Complete your paragraph by following the TEEL structure


• TOPIC: Write a topic sentence containing the main idea. This is your voice and your idea

• EXPLANATION: Write one or more sentences that explain or elaborate on the main idea. This shows your reflection and analysis of the topic.

• EVIDENCE: Illustrate using examples from your own work and your experience, references to other artists and designers you admire and from your knowledge of history and theory.

• LINK: sum up by referring back to the main idea

Narration : Now you can use the rest of the information from the mind map to complete the paragraph by writing supporting sentences that explain and give examples. The TEEL structure is a very helpful framework for structuring your paragraphs and making sure that you cover everything that is important.

[Slide 11: Begin writing]

Description: Visual representation of the narration. This is of a burger animated in layers. Top bun = topic sentence. Tomato and cheese = explanation. Meat and lettuce = evidence and examples. Bottom bun = linking sentence.

Narration : The hamburger is a good metaphor for a paragraph. Notice how the bread roll which is the topic sentence at the beginning and the linking sentence at the end hold the ingredients together because without it you don't have a hamburger!

[Slide 12: Begin writing]

Description: Using the TEEL paragraph (example)

[Topic sentence} Collaboration is key for me. [Explanation] The ideas and energy which grow when a group of like-minded individuals are moving towards a collective goal fills me with enthusiasm and makes me feel like anything is possible. [Evidence] At the end of 2011, I started working as a part of Full Drop Collective, a group of six females textile designers exploring the possibilities in designer-maker goods and collaborative projects. [Link] Being part of a project from start to finish and thinking about design in a holistic sense from concept to product has been important part of my practice.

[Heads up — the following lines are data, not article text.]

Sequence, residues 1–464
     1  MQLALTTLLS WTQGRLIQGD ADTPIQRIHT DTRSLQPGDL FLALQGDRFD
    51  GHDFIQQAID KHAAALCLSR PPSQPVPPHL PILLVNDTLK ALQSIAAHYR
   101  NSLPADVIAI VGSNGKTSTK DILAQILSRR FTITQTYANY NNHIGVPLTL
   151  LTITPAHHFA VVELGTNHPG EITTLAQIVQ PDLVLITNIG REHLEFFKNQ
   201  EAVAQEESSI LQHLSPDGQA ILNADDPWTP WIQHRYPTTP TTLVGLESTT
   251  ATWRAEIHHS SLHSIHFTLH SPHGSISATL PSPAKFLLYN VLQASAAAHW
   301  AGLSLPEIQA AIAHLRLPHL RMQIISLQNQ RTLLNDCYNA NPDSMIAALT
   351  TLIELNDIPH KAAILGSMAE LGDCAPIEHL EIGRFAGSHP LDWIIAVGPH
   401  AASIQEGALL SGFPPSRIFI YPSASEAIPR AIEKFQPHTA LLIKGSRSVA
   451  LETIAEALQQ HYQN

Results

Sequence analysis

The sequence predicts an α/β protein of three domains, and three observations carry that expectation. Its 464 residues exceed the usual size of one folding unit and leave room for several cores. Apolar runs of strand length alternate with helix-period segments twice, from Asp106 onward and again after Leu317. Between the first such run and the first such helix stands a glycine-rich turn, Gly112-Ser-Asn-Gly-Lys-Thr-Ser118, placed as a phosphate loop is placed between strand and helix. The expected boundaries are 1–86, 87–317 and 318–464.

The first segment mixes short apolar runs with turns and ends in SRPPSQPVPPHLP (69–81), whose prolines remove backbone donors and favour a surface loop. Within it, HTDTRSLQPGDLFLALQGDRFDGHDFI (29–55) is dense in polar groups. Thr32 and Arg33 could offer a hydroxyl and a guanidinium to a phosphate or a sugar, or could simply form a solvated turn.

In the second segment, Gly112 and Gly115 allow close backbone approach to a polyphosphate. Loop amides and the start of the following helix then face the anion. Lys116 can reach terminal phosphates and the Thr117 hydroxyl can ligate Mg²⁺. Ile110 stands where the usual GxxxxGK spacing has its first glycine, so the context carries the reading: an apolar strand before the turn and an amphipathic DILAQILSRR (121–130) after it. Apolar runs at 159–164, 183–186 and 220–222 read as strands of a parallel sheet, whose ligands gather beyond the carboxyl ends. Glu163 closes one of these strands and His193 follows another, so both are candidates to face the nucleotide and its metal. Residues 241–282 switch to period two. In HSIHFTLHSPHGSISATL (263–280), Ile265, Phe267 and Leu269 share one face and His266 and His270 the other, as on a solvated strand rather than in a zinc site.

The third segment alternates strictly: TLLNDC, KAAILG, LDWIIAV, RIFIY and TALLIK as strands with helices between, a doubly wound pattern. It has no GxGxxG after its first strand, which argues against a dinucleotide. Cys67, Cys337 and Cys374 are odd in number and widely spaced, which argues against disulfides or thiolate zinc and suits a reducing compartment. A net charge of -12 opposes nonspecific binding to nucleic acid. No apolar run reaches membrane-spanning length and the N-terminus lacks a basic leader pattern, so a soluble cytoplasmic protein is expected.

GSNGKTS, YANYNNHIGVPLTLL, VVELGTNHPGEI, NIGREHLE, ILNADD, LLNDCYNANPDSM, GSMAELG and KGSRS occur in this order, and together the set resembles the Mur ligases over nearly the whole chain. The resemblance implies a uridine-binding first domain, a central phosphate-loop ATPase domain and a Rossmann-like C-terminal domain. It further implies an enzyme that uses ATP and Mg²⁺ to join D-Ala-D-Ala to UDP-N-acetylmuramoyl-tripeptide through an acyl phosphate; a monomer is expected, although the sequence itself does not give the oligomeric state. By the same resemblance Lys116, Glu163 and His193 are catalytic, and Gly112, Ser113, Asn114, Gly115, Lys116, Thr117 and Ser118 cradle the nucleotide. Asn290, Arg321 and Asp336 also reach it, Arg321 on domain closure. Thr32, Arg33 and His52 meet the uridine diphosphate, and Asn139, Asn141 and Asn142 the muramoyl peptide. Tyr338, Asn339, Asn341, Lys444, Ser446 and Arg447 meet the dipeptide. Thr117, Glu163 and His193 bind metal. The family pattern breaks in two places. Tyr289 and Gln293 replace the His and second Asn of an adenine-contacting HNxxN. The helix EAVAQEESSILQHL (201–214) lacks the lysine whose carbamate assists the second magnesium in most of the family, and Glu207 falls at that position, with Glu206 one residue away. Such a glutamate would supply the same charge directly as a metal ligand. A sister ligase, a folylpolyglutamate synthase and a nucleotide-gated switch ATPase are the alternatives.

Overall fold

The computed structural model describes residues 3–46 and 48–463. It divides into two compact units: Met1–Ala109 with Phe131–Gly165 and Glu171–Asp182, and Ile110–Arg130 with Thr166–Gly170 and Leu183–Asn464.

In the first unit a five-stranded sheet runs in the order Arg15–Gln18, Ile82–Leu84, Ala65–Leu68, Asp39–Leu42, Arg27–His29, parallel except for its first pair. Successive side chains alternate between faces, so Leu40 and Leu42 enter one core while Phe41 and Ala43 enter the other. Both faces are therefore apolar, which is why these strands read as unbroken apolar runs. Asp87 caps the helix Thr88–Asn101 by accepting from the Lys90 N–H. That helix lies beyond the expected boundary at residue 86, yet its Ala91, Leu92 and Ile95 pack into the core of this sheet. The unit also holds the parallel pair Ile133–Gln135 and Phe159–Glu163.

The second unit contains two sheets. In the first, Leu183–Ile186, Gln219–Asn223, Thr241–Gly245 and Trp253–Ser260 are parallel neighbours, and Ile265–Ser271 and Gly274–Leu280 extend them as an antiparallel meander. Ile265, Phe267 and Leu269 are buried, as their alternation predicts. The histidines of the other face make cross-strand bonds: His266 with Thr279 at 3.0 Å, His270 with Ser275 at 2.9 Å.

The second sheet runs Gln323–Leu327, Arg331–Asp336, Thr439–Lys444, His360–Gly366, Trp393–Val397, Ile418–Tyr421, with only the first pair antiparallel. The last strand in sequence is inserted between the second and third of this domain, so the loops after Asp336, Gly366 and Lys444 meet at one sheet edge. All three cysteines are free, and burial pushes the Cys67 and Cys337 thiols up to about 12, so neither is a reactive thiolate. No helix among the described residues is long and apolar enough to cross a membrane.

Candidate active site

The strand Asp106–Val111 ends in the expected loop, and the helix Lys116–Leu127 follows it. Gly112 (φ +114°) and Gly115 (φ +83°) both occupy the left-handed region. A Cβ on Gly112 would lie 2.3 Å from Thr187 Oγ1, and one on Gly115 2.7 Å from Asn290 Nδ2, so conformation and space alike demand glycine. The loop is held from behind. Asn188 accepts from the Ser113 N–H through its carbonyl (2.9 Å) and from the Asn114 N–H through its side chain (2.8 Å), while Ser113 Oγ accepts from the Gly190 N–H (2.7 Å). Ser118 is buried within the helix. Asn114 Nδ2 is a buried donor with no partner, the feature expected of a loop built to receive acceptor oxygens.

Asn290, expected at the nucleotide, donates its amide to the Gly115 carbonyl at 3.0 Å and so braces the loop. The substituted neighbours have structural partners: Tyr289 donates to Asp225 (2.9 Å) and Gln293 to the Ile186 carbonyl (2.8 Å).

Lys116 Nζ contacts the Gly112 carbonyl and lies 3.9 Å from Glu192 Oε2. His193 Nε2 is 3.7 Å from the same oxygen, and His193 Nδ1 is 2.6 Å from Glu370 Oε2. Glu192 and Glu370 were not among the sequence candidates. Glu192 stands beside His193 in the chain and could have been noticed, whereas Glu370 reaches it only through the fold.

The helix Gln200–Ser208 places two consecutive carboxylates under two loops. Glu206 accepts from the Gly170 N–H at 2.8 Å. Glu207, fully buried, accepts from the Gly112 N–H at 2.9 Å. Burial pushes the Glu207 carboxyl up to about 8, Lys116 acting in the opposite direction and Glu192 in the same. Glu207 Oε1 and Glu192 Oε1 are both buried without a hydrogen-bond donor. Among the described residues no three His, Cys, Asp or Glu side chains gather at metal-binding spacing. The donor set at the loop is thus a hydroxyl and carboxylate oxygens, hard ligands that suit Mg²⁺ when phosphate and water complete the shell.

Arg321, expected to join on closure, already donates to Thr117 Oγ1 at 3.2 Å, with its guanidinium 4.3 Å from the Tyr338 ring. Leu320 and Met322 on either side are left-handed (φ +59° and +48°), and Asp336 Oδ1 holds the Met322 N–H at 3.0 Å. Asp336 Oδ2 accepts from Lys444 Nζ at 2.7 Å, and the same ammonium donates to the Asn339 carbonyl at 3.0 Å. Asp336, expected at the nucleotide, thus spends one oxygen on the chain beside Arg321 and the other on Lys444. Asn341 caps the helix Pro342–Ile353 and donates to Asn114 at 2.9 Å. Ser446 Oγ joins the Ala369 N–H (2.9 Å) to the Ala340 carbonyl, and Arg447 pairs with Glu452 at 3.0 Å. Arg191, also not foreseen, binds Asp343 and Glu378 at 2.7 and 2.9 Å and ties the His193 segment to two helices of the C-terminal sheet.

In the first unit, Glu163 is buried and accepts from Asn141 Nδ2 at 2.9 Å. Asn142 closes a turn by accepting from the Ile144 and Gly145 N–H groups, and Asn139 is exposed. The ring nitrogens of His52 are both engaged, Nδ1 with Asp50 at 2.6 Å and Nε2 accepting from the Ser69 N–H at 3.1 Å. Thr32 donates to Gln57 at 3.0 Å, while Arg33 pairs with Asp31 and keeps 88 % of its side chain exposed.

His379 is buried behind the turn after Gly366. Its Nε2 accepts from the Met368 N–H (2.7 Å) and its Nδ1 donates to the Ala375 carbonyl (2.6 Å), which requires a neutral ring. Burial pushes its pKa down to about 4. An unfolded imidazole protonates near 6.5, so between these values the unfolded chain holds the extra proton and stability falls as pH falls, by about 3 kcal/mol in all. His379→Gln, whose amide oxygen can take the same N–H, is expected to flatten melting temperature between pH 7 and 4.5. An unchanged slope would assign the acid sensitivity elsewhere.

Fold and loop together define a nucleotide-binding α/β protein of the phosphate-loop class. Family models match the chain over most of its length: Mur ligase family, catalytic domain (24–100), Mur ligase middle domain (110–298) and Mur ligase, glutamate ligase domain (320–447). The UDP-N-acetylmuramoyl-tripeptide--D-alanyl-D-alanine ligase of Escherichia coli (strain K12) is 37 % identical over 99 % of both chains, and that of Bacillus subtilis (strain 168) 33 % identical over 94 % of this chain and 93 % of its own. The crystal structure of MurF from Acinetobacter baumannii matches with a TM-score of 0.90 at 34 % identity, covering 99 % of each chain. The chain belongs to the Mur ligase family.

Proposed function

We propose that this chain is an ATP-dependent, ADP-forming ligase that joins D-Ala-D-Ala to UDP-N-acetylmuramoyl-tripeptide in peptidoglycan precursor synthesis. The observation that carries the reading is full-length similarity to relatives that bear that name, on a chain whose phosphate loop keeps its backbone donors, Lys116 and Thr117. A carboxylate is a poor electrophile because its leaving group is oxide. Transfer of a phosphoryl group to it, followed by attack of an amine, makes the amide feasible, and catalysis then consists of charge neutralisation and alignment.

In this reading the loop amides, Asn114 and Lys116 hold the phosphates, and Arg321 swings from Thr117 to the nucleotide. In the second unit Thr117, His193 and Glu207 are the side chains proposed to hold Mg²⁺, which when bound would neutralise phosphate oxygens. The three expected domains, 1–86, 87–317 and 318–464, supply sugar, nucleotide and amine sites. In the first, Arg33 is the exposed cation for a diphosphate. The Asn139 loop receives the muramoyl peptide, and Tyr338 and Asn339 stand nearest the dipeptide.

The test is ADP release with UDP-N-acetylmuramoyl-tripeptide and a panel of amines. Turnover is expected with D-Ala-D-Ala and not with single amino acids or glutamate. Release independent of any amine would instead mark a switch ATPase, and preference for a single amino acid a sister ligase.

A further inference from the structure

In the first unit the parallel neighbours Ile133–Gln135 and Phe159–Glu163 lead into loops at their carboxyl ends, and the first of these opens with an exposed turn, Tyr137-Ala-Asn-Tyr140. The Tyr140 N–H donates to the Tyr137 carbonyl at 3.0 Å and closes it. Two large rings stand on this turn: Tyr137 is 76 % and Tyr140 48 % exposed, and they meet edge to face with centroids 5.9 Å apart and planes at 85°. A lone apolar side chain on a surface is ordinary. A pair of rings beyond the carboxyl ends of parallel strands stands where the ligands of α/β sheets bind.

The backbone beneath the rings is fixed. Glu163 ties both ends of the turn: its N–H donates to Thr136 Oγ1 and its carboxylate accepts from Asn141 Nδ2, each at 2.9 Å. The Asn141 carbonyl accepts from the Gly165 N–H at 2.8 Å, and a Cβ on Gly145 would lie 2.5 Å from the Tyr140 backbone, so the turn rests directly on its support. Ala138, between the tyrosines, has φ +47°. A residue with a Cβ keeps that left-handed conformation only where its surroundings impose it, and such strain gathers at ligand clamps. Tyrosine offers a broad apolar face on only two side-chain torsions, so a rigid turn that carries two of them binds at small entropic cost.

Narration : No Narration

Artist biography

[Slide 14: Introduction]


Narration: An artist biography is an introduction to you and a summary to your resume and approach to your work

[Slide 15: What is it for?]


Narration : Your artist biography needs to be redesigned for each audience.

Here are some examples of where your biography would be used.

[Slide 16: What is in it?]

Description : A pyramid diagram (base at the top then narrowing down), broken down into four different sections. This is a representation of importance.

Artist name and work

• Materials and techniques that are employed by the artist

• Influences on your work

Brief history

• Education, training

Professional experience

• Experience in your field eg. Projects, commissions, own businesses

Philosophy / ethos

• Short description of what the artist would like to accomplish with their art

Narration : The artist biography is structured with the most important point at the beginning, which is who the artist is and their name. Followed by a brief history experience and summary of their philosophy.

[Slide 17: Example: Artist biography?]

Description :

Artist biography (example)

[Artist name and work] Tania Swinn is a textile designer who creates softly textured fabrics in vibrant colours. Her work features botanical inspired designs using recycled materials. [Brief history]Born and raised in Tasmania, Tania received her Bachelor in Textile Design from RMIT. [Professional history] She has exhibited widely in Australia and recently worked on projects with DESSI. [Ethos/philosophy] She is currently completing a placement with Ilke. The emphasis is on the quality of workmanship and the respect for sustainability.

Narration: No Narration